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 Enough Trees 4 Pollination? 
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Joined: Sat Aug 20, 2005 10:11 pm
Posts: 6
Location: Tasmania
Post Enough Trees 4 Pollination?
Yesterday we bought 2 Blueberry bushes which I planted in huge holes each with 2 shovel fulls of decomposed horse manure and 5 lites of peat moss.
I'm getting the idea that this is not so great.
I find it really difficult to find specific information on tree requirements. The Blueberry varieties are a Denise and and Ivanhoe.
Will these pollinate each other?
I also bough 1 Greengage Plum.
Does this need a pollinator?
I imagine apple trees that are double grafted will pollinate each other.
I bought a Golden Delicious/Granny Smith.
Also a solo Cox's Orange Pippin.
Will the Pippin be fertilized by the double graft varities?

Sat Aug 20, 2005 10:58 pm

Joined: Thu Jan 27, 2005 11:27 pm
Posts: 1149
Location: Yamhill County, Oregon

(1) Here's what I found regarding blueberry pollination @: ... guide.html

"It is best to plant at least 2 blueberry varieties for good cross-pollination. Cross pollination leads to bigger berries and more of them. Any combination of varieties will work."

(2) Here's what I found for "Greengage" - I'm not sure if the "Early" is that significant? - @: ... ?id=EARGRE

"Early Greengage is self-sterile and requires a pollinator to produce a crop."

(3) You said: "I imagine apple trees that are double grafted will pollinate each other."

I agree, and assume someone at least did that homework... Here's what I found on the Cox @ ... P&pageno=9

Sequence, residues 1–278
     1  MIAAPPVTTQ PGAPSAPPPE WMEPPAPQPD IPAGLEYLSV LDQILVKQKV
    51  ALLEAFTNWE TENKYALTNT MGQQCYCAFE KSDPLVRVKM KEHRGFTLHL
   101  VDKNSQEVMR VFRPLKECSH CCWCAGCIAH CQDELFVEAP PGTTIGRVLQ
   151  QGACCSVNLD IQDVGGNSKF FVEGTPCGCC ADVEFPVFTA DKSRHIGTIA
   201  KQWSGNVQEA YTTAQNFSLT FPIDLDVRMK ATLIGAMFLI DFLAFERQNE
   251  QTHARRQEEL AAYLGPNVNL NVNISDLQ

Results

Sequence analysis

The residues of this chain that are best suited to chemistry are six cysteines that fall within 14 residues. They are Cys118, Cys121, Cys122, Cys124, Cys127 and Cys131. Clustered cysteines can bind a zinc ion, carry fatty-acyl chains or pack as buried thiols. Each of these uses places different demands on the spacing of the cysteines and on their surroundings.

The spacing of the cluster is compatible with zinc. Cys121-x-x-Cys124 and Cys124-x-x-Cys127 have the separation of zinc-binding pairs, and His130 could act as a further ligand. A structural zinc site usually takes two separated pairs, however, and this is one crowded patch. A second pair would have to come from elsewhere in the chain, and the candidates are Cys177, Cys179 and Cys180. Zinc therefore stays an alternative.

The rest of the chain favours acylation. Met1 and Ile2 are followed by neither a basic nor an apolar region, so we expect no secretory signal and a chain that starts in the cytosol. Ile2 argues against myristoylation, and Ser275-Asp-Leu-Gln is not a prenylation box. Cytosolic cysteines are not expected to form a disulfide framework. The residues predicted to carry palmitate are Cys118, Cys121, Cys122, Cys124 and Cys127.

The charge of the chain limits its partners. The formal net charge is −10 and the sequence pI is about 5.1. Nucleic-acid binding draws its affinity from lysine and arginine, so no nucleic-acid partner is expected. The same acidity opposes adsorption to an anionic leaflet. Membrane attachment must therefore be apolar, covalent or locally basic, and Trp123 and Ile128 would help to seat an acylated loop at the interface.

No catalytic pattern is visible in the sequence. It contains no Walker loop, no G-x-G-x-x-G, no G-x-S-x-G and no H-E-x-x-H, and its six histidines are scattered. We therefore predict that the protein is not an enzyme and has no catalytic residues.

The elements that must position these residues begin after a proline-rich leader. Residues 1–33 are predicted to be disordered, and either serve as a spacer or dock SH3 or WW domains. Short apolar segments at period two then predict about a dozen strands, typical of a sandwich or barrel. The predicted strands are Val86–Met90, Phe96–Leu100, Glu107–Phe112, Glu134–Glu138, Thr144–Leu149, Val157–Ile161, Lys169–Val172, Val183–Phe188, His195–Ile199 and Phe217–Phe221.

Cox's Orange Pippin is listed as: Self-sterile. Golden Delicious is a pollinator for Cox's Orange Pippin, Granny Smith is not.

Keep us posted :)

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Thu Aug 25, 2005 9:11 am

Joined: Wed Mar 23, 2005 5:24 pm
Posts: 126
Location: Puyallup, WA
Lans, it must be Springtime where you are?

Blueberries need acidic soil for best results, 5 - 6 pH, and lots of organic matter. Adding peat moss will help. Additional sulphur will lower the pH too.

Regarding pollinators: if you have neighbors with fruit trees nearby check with them on what varieties they are growing to see if they are compatible pollinators with yours. Bees travel long distances to collect pollen and nectar and can help a lot.

Thu Aug 25, 2005 2:15 pm

Joined: Tue Aug 16, 2005 2:51 pm
Posts: 3
Location: Portland Metro
Is this Tasmania as in south of Australia? What a beautiful country. We visited there last November. The blueberries that produce best in the Pacific Northwest are. Blueray, Collins, Colville and Earliblue, You need to prune about 1/4 tho 1/5th of the oldest canes to the ground during dormant season. They recommend a pH between 4.5 and 5.0-- pretty acidic. Do not use fertilizers containing nitrates. Good luck.


Gardening is the only therapy I can afford. CJ

Sun Aug 28, 2005 2:07 pm

Joined: Sat Aug 20, 2005 10:11 pm
Posts: 6
Location: Tasmania
Thank you for the feedback.
This is a great site, even if based in an altogether different hemisphere!
I miss having internet at home and sorry to those I have not replied to. Your advice is very much appreciated!

The soil is naturally acidic, Australia is. That is how the native trees like it and fortunatley so do the blueberries. I did add some peat moss anyway.

I ended up buying a Victoria plum to pollinate the Greengage. Fingers crossed and hope we have abundant fruit in the future!

Mon Sep 12, 2005 8:19 pm
Pome News Editor

Joined: Thu Jun 17, 2004 10:23 pm
Posts: 95
Just to confirm the apple pollination. I have classified apple polliantion into 4 periods A, B, C, D. A will polliante A & B, C will polliante B & D D will polliante C.
Cox is in the C period
Golden Delicious B,C & D (long bloom periiod)
Granny Smith C

All will get pollinated.


Mon Apr 17, 2006 2:33 pm
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